Ver. 21.  Up.  This is the import of the Heb.  The Vulg. reducite, "bring it back," insinuates, that the Bethsamites desired the people of Cariathiarim to convey the ark to their city, on the road to Silo, where they probably thought it ought to be placed, in the tabernacle.  But it seems God ordered it otherwise, and the ark was never restored to its former splendid station, surrounded with all the vessels and ornaments of the tabernacle.  David made something similar, and place an altar before it, while the Mosaic tabernacle and altar were removed from Silo to Nobe, (C. xxi. 1.) and afterwards to Gabaon.  2 Par. i. 5.  Salien (A. 3030) doubts not but they were thence translated to Solomon's temple, during the octave of the dedication, along with those of David, from Mount Sion.  2 Par. v. 2. and viii. 3.  Why the ark was not placed in this most magnificent abode, but removed from the stone of Abel to the houses of Abinadab, of Obededom, of David in Sion, till all the original ornaments, prescribed by God to Moses, with a still more splendid apparatus, met to adorn the temple of Solomon, we cannot easily explain.  Perhaps it might be to render that event more glorious, and to represent the troubled state of the Jewish Synagogue,  immediately preceding the appearance of the great Redeemer, who would establish a church without spot or wrinkle, shining brighter than the sun, and replenished with all heavenly graces.  H. --- Cariathiarim is the same place as Cariathbaal, and Baala, (Jos. xv. 9. 60.) Baalim Juda, (2 K. vi. 2.) and Sedeiarim, about ten miles from Jerusalem.  Gabaa was "a hill," (C.) belonging to the same city, where the house of Abinadab stood; (H.) and Nobe was also in the vicinity, while Silo was much farther north.  C. --- The priests still remained, and offered sacrifice in the tabernacle, though occasionally some of them might come to offer extraordinary victims before the ark, in those private houses which were thus converted, as it were, into the holy of holies.  Salien, A. 2941, were he observes from S. Jerom, that the tabernacle was removed to Nobe about the same time as the ark was deposited at Cariathiarim; and no doubt both the translations were in consequence of the divine command, signified by the mouth of his prophet Samuel.  H.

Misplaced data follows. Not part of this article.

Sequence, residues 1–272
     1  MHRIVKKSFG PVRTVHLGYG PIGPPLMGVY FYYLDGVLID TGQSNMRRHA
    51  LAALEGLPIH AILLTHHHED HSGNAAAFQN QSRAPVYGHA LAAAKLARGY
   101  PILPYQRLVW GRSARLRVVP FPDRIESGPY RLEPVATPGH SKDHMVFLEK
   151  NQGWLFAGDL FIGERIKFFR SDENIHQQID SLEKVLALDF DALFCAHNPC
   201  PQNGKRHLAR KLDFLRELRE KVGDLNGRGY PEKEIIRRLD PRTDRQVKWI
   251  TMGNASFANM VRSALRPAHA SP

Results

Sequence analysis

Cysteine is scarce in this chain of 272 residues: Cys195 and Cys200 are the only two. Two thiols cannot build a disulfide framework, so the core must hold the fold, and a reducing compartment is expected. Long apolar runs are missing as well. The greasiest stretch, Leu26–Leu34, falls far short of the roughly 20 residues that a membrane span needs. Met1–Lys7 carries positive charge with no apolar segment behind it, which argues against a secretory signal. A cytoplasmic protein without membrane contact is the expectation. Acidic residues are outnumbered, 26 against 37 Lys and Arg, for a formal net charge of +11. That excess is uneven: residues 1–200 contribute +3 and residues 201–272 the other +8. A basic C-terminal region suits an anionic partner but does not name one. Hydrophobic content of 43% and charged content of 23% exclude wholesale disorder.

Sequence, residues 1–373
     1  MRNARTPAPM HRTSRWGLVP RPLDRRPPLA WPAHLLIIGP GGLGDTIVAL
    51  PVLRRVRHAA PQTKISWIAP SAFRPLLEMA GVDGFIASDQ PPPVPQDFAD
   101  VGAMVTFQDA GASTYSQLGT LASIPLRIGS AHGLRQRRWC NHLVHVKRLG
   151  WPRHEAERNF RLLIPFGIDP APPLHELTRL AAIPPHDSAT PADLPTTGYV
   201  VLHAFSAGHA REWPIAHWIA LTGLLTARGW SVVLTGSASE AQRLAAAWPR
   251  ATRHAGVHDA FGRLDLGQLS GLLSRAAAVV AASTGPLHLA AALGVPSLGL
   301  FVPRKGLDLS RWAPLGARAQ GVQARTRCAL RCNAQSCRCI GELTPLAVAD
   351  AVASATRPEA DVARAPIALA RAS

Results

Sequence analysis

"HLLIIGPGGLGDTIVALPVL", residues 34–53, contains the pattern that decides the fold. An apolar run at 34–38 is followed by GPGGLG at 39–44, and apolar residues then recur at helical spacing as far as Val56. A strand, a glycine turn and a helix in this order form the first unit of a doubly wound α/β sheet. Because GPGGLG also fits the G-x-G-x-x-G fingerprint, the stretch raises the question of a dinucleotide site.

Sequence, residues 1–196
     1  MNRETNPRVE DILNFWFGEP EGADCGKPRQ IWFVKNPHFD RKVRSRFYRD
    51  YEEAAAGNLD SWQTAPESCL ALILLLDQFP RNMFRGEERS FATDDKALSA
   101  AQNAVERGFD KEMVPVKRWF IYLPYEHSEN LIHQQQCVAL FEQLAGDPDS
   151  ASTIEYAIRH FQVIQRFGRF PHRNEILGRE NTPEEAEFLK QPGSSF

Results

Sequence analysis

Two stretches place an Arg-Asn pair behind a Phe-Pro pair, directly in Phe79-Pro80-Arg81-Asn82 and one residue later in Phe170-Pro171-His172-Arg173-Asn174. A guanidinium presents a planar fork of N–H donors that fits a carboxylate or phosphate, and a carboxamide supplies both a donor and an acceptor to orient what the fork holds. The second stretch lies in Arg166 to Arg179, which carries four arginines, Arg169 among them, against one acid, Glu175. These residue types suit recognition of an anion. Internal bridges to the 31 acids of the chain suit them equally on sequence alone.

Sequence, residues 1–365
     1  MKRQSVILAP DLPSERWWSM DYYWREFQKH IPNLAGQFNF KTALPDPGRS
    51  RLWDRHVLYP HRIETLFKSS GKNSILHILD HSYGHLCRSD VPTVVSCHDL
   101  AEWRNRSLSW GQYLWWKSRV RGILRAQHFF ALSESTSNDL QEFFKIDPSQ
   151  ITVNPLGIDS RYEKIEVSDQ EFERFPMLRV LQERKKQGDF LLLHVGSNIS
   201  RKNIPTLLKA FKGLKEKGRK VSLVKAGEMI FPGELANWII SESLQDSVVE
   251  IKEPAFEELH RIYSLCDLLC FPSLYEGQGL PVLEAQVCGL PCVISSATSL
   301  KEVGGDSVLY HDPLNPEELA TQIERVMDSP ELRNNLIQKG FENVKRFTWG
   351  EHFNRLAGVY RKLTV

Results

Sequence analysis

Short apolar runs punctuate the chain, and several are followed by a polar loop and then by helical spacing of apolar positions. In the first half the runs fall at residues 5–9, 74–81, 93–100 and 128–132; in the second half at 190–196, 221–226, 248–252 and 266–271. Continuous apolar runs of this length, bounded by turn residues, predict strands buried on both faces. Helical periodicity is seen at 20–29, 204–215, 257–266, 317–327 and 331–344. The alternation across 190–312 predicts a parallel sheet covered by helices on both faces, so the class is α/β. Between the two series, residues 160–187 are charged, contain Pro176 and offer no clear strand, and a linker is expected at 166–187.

Ver. 1.  In Gabaa.  That is, on the hill, for Gabaa signifieth a hill.  Ch.  1 Par. xiii. 6. --- It was perhaps the citadel, (H.) or an elevated situation, such as were generally chosen for the temples both of the true and of false gods.  C. --- Abinadab was a Levite of renowned virtue.  M. --- The people of this city knew that the ark was a source of blessings to those who received it with respect; and, that the Bethsamites had been punished only for their irreverence.  W. --- Samuel was first consulted before the people, in a body, undertook to remove the ark; and here he was probably recognized for the judge of Israel, in which character he henceforward appears, exhorting all to obey the Lord with sincerity. He appoints a general assembly at Masphath, to enter into a solemn covenant with the Lord, and to adopt means for recovering their liberty.  We have only a very concise account of these important transactions, owing to the modesty of the author, which the Holy Spirit would teach us to imitate.  C. --- Sanctified.  Chal. "set over," (M.) prepared by suitable purifications, &c.  C. --- Some think, that Eleazar received the priestly or the Levitical consecration, Num. viii. 7.  We have no proof that he was of the family of Aaron, nor does his name occur in the genealogies of the Levites, as they are perhaps too short.  Josephus (vi. 2.) asserts that he was a Levite.  C. --- But even a laic, like Obededon of Geth, might have been the guardian of the ark, as he would not have to touch it.  Salien, A.C. 1112. --- Eleazar had two brothers, who acted in the same capacity when David intended to remove the ark to Sion.  At that time he was perhaps dead, or decrepit, as his father might be on this occasion.  H. --- It is not improbable but they were of the race of Aaron.  T.